1. Student-Loan Debt: Large debt—and the fear it creates—is a pacifying force. There was no tuition at the City University of New York when I attended one of its colleges in the 1970s, a time when tuition at many U.S. public universities was so affordable that it was easy to get a B.A. and even a graduate degree without accruing any student-loan debt. While those days are gone in the United States, public universities continue to be free in the Arab world and are either free or with very low fees in many countries throughout the world. The millions of young Iranians who risked getting shot to protest their disputed 2009 presidential election, the millions of young Egyptians who risked their lives earlier this year to eliminate Mubarak, and the millions of young Americans who demonstrated against the Vietnam War all had in common the absence of pacifying huge student-loan debt. Today in the United States, two-thirds of graduating seniors at four-year colleges have student-loan debt, including over 62 percent of public university graduates. While average undergraduate debt is close to $25,000, I increasingly talk to college graduates with closer to $100,000 in student-loan debt. During the time in one’s life when it should be easiest to resist authority because one does not yet have family responsibilities, many young people worry about the cost of bucking authority, losing their job, and being unable to pay an ever-increasing debt. In a vicious cycle, student debt has a subduing effect on activism, and political passivity makes it more likely that students will accept such debt as a natural part of life.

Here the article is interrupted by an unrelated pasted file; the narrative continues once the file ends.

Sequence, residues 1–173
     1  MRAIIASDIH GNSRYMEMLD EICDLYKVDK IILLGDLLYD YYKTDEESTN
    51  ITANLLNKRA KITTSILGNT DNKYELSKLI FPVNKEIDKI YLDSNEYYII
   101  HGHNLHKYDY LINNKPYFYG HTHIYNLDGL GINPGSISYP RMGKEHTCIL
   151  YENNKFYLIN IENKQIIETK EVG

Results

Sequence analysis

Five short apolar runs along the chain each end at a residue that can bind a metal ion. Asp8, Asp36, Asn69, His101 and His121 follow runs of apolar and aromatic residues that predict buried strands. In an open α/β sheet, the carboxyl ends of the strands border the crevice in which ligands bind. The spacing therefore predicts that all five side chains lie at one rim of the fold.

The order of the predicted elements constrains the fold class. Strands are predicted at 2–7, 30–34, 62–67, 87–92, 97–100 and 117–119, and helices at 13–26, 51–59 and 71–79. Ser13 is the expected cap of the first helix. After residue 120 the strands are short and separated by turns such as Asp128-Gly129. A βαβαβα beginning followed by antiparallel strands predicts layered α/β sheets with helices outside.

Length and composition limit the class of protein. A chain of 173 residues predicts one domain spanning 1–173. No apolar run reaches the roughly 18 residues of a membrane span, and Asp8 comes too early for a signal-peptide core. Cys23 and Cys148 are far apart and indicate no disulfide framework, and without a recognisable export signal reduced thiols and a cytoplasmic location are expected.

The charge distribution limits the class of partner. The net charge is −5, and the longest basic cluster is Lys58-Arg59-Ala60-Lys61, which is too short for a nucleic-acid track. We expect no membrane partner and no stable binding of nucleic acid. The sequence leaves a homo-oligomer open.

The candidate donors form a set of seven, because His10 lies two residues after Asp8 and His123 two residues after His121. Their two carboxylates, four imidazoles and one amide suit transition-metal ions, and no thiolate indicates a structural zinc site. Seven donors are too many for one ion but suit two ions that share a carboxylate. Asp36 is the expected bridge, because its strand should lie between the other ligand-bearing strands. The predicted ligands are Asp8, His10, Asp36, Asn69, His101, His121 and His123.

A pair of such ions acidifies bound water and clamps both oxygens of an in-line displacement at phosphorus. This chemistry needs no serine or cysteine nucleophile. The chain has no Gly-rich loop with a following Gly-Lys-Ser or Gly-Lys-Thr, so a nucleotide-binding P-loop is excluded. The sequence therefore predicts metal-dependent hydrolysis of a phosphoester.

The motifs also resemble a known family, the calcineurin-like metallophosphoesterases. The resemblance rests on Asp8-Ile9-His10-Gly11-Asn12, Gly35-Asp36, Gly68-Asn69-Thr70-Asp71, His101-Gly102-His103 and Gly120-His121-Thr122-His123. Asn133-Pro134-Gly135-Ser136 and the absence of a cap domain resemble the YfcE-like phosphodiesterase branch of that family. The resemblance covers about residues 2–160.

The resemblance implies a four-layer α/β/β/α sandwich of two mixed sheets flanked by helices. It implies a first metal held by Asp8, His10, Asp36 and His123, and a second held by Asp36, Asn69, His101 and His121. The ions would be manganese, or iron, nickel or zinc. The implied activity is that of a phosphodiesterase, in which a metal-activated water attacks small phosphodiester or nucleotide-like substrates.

2. Psychopathologizing and Medicating Noncompliance. In 1955, Erich Fromm, the then widely respected anti-authoritarian leftist psychoanalyst, wrote, “Today the function of psychiatry, psychology and psychoanalysis threatens to become the tool in the manipulation of man.” Fromm died in 1980, the same year that an increasingly authoritarian America elected Ronald Reagan president, and an increasingly authoritarian American Psychiatric Association added to their diagnostic bible (then the DSM-III) disruptive mental disorders for children and teenagers such as the increasingly popular “oppositional defiant disorder” (ODD). The official symptoms of ODD include “often actively defies or refuses to comply with adult requests or rules,” “often argues with adults,” and “often deliberately does things to annoy other people.” Many of America’s greatest activists including Saul Alinsky (1909–1972), the legendary organizer and author of Reveille for Radicals and Rules for Radicals, would today certainly be diagnosed with ODD and other disruptive disorders. Recalling his childhood, Alinsky said, “I never thought of walking on the grass until I saw a sign saying ‘Keep off the grass.’ Then I would stomp all over it.” Heavily tranquilizing antipsychotic drugs (e.g. Zyprexa and Risperdal) are now the highest grossing class of medication in the United States ($16 billion in 2010); a major reason for this, according to the Journal of the American Medical Association in 2010, is that many children receiving antipsychotic drugs have nonpsychotic diagnoses such as ODD or some other disruptive disorder (this especially true of Medicaid-covered pediatric patients).